Make the perfect bowl of creamy steel cut oats. This recipe makes a large batch that can be reheated for a quick breakfast throughout the week!
Oh my goodness! How did I forget how dense, chewy, creamy and filling steel cut oatmeal is? I’ve had a container of steel cut oats in the pantry for months. I always eye it and think, nah… those take too long to cook. But there’s actually a secret method that makes cooking steel cut oats a breeze — you just have to get them started the night before!
Overall, I really like the texture of these steel cut oats (they’re chewier than rolled oats) and I adore the fact that they are so creamy, without any added milk! Before I share the recipe, let’s address the elephant in the room — how are steel cut oats different than regular rolled oats?
If you’ve ever walked into a grocery store and wondered why there were a million different oatmeal choices and wondered which to choose, you’re not alone. Let’s breakdown the differences.
Overall, steel cut oats are the least processed oats. The oat groat (the full oat “grain”) is cut into two or three parts to get to steel cut oats. Old fashioned and rolled oats are groats that have been steamed and then rolled which speeds up the cooking process for all of us at home. Quick or instant oats are the most processed of all the oat varieties. They are pre-cooked, dried, and rolled and pressed slightly thinner than rolled oats. They cook faster, but they also lose a bit of texture in the cooking process so they tend to be mushy.
While steel cut oats are less processed than regular rolled oats, there are only minor differences nutritionally. Steel cut, old fashioned/rolled, and quick oats all have approximately the same amount of fiber, protein, calories, and other nutrients. I personally don’t view one type of oatmeal better than the other, but I tend to prefer steel cut oats and rolled oats for my go-to oatmeal recipes like my peanut butter chia oatmeal, overnight oats and baked oatmeal recipes but use quick oats for baking sometimes. Quick oats work great for my healthy no bake cookies!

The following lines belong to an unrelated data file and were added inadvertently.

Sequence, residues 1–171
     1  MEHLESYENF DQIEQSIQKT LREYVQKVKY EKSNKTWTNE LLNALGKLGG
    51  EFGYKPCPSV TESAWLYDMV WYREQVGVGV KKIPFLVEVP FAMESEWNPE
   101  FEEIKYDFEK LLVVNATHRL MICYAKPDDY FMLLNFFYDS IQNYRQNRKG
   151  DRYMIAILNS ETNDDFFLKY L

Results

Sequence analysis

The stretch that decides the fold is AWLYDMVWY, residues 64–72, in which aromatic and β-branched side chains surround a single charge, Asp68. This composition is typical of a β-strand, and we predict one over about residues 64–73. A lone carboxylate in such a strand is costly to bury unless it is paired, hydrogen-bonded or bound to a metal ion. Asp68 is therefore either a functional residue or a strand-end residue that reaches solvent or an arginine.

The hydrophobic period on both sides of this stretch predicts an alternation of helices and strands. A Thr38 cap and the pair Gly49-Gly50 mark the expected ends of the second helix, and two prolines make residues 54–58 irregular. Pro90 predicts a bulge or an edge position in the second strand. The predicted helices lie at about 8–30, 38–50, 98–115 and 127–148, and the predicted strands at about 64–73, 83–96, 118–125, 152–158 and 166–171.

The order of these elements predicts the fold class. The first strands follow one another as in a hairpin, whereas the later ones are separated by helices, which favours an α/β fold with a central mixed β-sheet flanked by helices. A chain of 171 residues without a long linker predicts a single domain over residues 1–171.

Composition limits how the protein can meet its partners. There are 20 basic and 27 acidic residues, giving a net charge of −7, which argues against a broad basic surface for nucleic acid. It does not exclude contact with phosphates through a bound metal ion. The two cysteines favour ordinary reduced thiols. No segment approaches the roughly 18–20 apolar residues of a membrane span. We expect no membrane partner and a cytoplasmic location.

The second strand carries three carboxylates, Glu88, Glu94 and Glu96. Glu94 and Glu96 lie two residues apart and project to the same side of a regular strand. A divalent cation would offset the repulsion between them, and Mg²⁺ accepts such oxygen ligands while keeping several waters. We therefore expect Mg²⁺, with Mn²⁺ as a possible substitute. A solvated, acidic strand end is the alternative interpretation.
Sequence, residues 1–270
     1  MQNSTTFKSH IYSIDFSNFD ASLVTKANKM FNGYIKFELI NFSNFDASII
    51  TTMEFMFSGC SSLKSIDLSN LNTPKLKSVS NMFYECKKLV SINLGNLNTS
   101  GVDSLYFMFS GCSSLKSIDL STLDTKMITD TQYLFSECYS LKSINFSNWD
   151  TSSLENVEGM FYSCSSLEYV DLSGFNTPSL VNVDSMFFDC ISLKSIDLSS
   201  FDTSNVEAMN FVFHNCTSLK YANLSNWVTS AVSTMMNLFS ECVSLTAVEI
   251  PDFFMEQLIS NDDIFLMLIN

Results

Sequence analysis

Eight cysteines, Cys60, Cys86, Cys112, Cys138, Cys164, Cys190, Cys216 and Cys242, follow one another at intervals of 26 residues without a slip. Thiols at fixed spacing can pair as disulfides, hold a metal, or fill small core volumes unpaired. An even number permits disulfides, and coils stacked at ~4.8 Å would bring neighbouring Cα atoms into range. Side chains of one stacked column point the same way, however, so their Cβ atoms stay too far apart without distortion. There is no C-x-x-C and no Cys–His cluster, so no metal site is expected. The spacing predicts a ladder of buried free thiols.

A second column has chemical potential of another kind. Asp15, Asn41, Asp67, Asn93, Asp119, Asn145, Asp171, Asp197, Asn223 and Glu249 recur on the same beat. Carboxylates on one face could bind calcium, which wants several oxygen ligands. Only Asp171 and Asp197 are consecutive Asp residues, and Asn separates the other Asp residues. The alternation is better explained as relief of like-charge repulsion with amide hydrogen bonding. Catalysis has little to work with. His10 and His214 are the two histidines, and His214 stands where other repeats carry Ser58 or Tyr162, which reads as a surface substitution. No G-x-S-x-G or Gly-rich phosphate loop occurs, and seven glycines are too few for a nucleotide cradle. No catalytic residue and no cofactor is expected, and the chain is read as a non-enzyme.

There are a few ways to prepare steel cut oatmeal! The overnight method cuts down on the cooking time in the morning. If you remember to soak your oats the night before, this is by-far the easiest method.
*I have used this same method and let the oats sit out overnight without any issues, but due to food safety concerns I have updated the recipe and recommend storing the oats in the fridge instead..
Slow cooker method:
Instant pot method:
The shelf life of uncooked steel cut oats is a long time! If stored properly they should last 1-2 years in your pantry.
Once cooked, steel cut oatmeal should last 4-6 days in the refrigerator, stored in a sealed container. To reheat, I typically add in a splash of liquid (water or non-dairy milk) before heating in the microwave or on the stovetop. Larger batches are so easy to make and you’ll have oats for the whole week!
The recipe I’m sharing here makes four servings of oats. You can let the leftover oats cool and place them the refrigerator for up to one week. Simply reheat the oatmeal on the stove top or in the microwave throughout the week for a quick and easy breakfast. Just add a little water or milk if it gets too thick.
If you try this trick for making creamy steel cut oats be sure to leave a comment and a star rating below. Your feedback is so helpful for me and other readers who are thinking about making the recipe.